Himmat Ram Bhambhu, then 18 years old, would spend most of his time at his ancestral home of Sukhwasi in Rajasthan, watching his grandma plant a Peepal tree. It had reached full size after 14 long years. Himmataram knew he had found his true calling when he witnessed how this tree provides shade and oxygen to the village’s citizens.
At present, some 30 years later, as lakhs of trees across the district of Nagaur stand tall and firm, Himmataram stood in front of India’s President Ram Nath Kovind to receive the Padma Shri, India’s fourth-highest civil accolade, on the 8th of November.
He was recognised for his attempts to offer a secure habitat for birds and wildlife in his district by planting over three lakh trees. He even took out a loan in 1999 to buy 34 bighas of land in his drought-prone town of Harima so that he could plant a tiny forest of 16,000 native trees.
Although Himmataram is an uneducated man who studied till the sixth grade, he became a proficient mechanic after learning tractor maintenance in the early stages of farm mechanisation. He relies on farming to support his family.
Himmatram has been fighting for the environment for years, planting trees in numerous locations around Rajasthan’s deserts. He continues to inspire environmental protection through trees and plants today. Until now, they have produced tens of thousands of trees.
In a state where poaching is common and illicit export of peacocks, blackbucks, chinkaras, and other wildlife is a way of life for many, Himmataram has been at the forefront of efforts to eradicate the problem in his district. Bhambhu still feeds roughly 1000 birds and animals 20 kg of grain per day.
“I initially learned about farming and growing trees from my grandmother Naini Devi, who always maintained there is nothing more moral than planting trees,” he remarked in a chat. It felt like it was only possible because of my grandma’s influence.”
“Without spending any extra money, I have grown roughly 400 rain-fed Khejri and native acacia trees in my six bighas.” Kumt, neem, native plum, gunda, rohidha, khajuria, and jalki are also available. Although planting trees is inexpensive, maintaining them is extremely difficult, according to Himmataram.
Rajiv Gandhi Environmental Protection Award by the Government of Rajasthan
According to some village men, he used to buy saplings from the forest department and deliver them to the people to stay in touch with them. He kept inquiring about the progress of the plants put in order for them to mature into trees. People’s appreciation for animals and birds has grown along with the environment. In addition, Himmataram has been at the forefront of the legal battle against poachers. Out of 28 instances, he was involved in putting 16 poachers behind bars. He fights the cases with his own money and even looks after injured chinkaras and peacocks. He’s also a member of Maneka Gandhi’s People for Animals, and he’s already sentenced 13 poachers to prison. His work has been praised by different institutes and the state and federal governments.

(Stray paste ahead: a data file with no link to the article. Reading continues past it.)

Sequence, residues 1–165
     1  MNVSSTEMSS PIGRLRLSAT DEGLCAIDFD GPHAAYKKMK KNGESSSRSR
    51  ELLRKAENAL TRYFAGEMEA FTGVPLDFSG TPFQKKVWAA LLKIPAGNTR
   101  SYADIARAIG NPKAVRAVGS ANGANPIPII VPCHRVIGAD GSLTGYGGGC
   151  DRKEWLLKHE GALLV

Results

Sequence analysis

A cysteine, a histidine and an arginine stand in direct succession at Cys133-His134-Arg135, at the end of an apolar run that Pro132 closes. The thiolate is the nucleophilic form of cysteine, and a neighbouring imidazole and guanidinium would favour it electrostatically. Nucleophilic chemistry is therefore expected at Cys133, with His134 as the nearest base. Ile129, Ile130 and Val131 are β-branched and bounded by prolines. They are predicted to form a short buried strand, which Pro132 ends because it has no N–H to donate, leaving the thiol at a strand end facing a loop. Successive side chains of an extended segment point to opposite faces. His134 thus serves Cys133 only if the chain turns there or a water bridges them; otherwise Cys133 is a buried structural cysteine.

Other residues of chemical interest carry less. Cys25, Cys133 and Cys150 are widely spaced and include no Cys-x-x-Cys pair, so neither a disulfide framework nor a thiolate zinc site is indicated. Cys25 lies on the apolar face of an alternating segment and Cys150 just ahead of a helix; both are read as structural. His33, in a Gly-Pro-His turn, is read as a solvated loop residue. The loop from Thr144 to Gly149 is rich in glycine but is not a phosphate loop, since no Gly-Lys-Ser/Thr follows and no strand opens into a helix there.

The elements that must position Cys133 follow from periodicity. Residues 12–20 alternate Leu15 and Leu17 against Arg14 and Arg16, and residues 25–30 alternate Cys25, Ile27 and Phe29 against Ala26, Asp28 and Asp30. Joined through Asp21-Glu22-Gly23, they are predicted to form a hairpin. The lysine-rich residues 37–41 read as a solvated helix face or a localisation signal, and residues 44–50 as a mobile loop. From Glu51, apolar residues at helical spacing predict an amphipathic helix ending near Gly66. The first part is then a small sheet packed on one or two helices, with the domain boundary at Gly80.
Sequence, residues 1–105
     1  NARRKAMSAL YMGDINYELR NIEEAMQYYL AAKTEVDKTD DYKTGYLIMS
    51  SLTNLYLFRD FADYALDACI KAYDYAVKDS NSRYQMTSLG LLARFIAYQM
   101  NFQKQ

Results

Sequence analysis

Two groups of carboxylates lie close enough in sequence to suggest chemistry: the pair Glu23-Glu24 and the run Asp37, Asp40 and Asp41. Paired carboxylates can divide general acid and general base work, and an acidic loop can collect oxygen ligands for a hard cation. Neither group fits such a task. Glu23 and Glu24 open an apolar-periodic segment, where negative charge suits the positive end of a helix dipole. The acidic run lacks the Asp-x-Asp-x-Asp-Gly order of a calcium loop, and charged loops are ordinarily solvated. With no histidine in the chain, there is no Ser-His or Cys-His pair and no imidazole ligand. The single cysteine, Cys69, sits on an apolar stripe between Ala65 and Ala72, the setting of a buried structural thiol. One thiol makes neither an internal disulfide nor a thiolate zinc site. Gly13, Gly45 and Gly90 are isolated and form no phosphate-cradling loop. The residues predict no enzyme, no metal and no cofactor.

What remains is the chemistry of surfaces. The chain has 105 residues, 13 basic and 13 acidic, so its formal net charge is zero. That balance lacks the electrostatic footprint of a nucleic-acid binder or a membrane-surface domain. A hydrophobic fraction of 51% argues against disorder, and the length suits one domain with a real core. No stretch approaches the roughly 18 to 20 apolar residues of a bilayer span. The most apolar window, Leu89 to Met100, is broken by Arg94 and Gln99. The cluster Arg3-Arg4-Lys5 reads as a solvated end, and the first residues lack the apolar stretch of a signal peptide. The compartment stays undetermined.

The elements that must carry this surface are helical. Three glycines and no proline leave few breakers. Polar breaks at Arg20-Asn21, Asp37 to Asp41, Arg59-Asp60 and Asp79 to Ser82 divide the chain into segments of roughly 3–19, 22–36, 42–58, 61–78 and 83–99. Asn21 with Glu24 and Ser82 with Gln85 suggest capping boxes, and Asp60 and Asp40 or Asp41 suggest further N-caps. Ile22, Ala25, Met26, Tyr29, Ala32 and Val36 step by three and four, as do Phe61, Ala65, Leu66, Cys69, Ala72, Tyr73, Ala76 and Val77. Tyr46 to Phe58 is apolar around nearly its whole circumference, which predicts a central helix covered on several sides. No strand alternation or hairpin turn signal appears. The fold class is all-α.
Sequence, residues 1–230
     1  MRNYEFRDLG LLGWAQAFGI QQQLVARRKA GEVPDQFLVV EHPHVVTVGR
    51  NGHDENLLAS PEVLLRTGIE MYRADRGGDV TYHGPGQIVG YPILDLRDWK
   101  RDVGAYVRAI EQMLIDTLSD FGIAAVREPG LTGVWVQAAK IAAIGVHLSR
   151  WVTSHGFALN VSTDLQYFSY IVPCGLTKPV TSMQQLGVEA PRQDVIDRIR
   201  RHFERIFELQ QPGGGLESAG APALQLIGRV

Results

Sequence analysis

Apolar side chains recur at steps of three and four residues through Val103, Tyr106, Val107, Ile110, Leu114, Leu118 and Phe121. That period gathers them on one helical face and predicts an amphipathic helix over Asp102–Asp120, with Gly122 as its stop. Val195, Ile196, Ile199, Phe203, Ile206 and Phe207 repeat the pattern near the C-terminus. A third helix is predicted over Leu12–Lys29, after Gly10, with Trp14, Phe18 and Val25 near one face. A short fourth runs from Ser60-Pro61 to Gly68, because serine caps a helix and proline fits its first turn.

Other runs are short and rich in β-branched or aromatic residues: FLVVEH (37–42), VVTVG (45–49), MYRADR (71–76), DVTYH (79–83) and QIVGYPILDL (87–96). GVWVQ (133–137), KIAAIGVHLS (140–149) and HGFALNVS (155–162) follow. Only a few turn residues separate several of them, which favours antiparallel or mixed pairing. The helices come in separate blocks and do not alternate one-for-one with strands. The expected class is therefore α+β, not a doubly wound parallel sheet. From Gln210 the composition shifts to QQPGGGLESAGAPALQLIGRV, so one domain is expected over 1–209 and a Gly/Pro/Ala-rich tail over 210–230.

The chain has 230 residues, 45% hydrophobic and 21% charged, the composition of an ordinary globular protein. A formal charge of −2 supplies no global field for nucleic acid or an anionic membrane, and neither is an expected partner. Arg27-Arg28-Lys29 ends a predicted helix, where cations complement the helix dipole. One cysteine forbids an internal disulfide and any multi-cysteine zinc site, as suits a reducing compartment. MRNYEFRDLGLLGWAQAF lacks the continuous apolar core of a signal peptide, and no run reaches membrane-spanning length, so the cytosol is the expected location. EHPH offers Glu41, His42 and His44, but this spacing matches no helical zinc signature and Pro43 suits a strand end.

Padmashree Himmat Ram has so far planted thousands of trees. As a result, he received the Rajiv Gandhi Environmental Protection Award in 2014. Not only that, but they are also working to assist the villages that are drug addicts. He has been involved with numerous drug-abuse prevention projects for a long time. ‘Himmat Ke Dhani Himmataram,’ a book about him, was released in Parliament House by Union Minister Prakash Javadekar.
His tree selection is also commendable. He chose trees dependent on precipitation because the desert state has traditionally struggled with water scarcity. In Nagaur district, which has 45,000 borewell linkages for farming purposes, the trees have also greatly aided in maintaining the groundwater tables balanced. Trees have been discreetly catching rainwater for decades, according to Himmataram, in a setting where people are turning a blind eye to the overuse of machines to draw water.
Human life is limited to 100 years, according to Himmata Ram, whereas trees can live for hundreds of years. I was inspired to do this work by this notion and the motivation I received from my grandmother. I’m pleased with what I’ve accomplished. Hundreds of animals and birds now have a natural habitat to live in, and I could make a modest contribution to environmental preservation.
He has taken up batons on behalf of wild creatures against hunters and poachers, and he is more watchful than the Forest Service in his efforts to save the ecosystem. It’s no surprise that Bhambhu, a local environmental hero, was awarded the ‘People’s Padma.’ Bhambhu was one of 60 people to receive the President’s Padma Shri award for 2020.